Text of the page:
U.S. heading into shallow recession, no respite from rate hikes yet: Reuters poll

Shoppers carry bags of purchased merchandise at the King of Prussia Mall, United States' largest retail shopping space, in King of Prussia, Pennsylvania, U.S., December 8, 2018. REUTERS/Mark Makela/File Photo

BENGALURU, Dec 9 (Reuters) - The U.S. economy is heading into a short and shallow recession over the coming year, according to economists polled by Reuters who unanimously expected the U.S. Federal Reserve to go for a smaller 50 basis point interest rate hike on Dec. 14.

The Fed has another half-point at least to go with rates early in the new year with inflation still running well above the Fed's 2% target even though economists put a steady 60% probability on a recession taking place in 2023.

After raising the federal funds rate 75 basis points at each of the previous four meetings, all 84 economists polled Dec. 2-8 expected the central bank to go for a slightly softer half a percentage point to 4.25%-4.50% this time.

While the central bank is attempting only to deliver some pain and not a full-fledged downturn, economists, who tend to be slow as a group in forecasting recessions, raised the probability of one in two years to 70% from 63% previously.

That suggests investors and stock markets may have gotten ahead of themselves with optimism over the past month that the world's largest economy may skirt a recession entirely. That is already showing up in safe-haven flows to the U.S. dollar.

"Unless inflation recedes quickly, the U.S. economy still appears headed for some trouble, though possibly a little later than expected. The relative good news is that the downturn should be tempered by extra savings," said Sal Guatieri, senior economist at BMO Capital Markets.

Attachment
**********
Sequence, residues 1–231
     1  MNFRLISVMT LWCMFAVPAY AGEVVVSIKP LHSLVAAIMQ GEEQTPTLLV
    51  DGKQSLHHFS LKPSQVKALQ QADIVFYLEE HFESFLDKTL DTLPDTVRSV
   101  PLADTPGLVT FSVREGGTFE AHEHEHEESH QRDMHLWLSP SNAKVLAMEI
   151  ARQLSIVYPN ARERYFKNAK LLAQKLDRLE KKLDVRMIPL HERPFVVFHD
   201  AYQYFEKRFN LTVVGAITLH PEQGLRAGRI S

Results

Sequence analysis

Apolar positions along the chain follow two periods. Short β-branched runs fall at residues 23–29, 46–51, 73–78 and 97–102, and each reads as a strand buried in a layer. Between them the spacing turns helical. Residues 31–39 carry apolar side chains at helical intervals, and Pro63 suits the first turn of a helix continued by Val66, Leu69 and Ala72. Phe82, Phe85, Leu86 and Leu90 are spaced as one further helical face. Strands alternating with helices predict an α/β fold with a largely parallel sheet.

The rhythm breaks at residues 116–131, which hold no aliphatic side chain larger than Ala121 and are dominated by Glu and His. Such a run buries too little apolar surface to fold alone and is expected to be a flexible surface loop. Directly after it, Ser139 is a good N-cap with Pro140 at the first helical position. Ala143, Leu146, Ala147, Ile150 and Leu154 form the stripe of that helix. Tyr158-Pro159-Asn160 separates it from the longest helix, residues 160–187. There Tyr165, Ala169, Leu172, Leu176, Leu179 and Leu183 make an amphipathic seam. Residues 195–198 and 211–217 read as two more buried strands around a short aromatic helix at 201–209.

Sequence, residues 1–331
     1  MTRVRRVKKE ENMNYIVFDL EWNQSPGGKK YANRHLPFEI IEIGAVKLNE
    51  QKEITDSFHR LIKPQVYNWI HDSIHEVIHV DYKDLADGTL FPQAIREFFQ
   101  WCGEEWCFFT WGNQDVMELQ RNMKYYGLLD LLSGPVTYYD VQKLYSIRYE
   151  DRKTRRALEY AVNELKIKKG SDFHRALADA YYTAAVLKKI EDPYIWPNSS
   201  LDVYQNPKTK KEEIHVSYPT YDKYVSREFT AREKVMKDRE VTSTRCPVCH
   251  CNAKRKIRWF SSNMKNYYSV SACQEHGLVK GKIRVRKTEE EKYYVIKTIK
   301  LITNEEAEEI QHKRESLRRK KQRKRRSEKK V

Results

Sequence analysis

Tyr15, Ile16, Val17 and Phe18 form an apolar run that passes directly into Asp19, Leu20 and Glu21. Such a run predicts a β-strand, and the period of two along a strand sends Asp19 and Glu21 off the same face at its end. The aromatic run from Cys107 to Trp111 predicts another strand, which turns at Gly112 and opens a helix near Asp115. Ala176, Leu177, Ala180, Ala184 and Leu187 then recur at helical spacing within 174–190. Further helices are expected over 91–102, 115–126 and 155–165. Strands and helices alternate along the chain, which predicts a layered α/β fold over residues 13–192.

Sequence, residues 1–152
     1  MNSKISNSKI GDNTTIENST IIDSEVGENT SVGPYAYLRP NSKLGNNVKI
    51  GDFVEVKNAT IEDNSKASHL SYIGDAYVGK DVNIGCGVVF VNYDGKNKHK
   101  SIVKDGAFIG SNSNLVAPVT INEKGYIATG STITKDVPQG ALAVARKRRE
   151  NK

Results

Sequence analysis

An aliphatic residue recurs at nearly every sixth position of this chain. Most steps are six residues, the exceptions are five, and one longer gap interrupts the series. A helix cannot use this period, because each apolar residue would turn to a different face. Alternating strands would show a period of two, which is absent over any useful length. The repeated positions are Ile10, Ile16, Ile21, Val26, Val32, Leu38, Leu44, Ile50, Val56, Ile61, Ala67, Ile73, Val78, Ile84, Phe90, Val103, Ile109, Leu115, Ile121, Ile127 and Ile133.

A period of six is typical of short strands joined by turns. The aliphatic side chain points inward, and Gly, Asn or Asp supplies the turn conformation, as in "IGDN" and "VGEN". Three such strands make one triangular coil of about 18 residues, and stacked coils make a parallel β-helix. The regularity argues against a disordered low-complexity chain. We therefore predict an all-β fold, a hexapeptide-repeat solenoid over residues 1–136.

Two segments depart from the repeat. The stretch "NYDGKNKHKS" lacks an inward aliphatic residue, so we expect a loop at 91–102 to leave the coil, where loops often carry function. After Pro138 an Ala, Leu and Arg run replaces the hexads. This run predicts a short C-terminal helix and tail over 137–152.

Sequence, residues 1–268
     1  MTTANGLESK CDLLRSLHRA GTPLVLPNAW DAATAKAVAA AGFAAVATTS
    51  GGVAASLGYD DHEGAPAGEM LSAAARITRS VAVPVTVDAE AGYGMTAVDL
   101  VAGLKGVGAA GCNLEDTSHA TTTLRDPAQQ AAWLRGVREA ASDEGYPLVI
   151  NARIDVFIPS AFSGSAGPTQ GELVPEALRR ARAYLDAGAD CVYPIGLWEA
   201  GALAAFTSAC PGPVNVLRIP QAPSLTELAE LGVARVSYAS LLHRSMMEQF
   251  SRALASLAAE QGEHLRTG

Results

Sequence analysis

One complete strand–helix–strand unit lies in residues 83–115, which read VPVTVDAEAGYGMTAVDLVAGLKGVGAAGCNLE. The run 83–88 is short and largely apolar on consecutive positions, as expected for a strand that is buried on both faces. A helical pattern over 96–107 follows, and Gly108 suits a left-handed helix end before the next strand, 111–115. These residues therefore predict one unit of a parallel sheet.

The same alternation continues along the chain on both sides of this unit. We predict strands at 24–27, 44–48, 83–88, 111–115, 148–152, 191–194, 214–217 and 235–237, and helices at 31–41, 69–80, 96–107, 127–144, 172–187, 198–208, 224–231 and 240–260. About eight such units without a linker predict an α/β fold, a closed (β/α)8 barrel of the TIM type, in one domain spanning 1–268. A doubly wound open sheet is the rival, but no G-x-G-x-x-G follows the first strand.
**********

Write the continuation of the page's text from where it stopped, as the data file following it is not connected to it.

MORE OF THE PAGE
"But this assumes the economy's durability doesn't compel the Fed to slam the brakes even harder, in which case a delayed downturn might only flag a deeper one."

Although the fed funds rate is expected to peak at 4.75%-5.00% early next year in line with interest rate futures, one-third of economists, 24 of 72, expected it to go higher.

There are already clear signs the economy is slowing, particularly in the U.S. housing market, often the first to react to tightening financial conditions, and the epicenter of the 2007-08 recession.

Existing home sales (USEHS=ECI) have fallen for nine months in a row. And house prices, already in retreat, were expected to drop 12% peak-to-trough and nearly 6% next year, a separate Reuters poll showed.

Around 60% of economists, 27 of 45, who provided quarterly gross domestic product (GDP) forecasts, predicted a contraction for two straight quarters or more at some point in 2023.

A large majority of economists, 35 of 48, said any recession would be short and shallow. Eight said long and shallow, while four said there won't be any recession. One said short and deep.

The world's largest economy was forecast to grow just 0.3% next year, and expand at annual rates well below its long-term average of around 2% until 2024.

Over 75% of economists, 29 of 38, who answered a separate question said the risk to their GDP forecasts was skewed to the downside.

But with inflation expected to stay above the Fed's target at least until 2026 and the labor market remaining strong, the bigger risk was rates would peak higher and later than expected.

"With core inflation likely remaining stubbornly high, we now anticipate the current tightening process to continue through Q2 2023," said Jan Groen, chief U.S. macro strategist at TD Securities, who expected the fed funds rate to peak at 5.25%-5.50% in May.

"There remains a risk of an even higher terminal rate given the high and sticky rates of core inflation and still strong labor market conditions," he added.

The U.S. unemployment rate (USUNR=ECI), which so far has stayed low, was expected to climb from the current 3.7% to 4.9% by early 2024. If realized, that would still be well below the levels seen in previous recessions.

(For other stories from the Reuters global economic poll:)

Reporting by Indradip Ghosh; Polling by Sujith Pai and Swathi Nair; Editing by Ross Finley and Chizu Nomiyama

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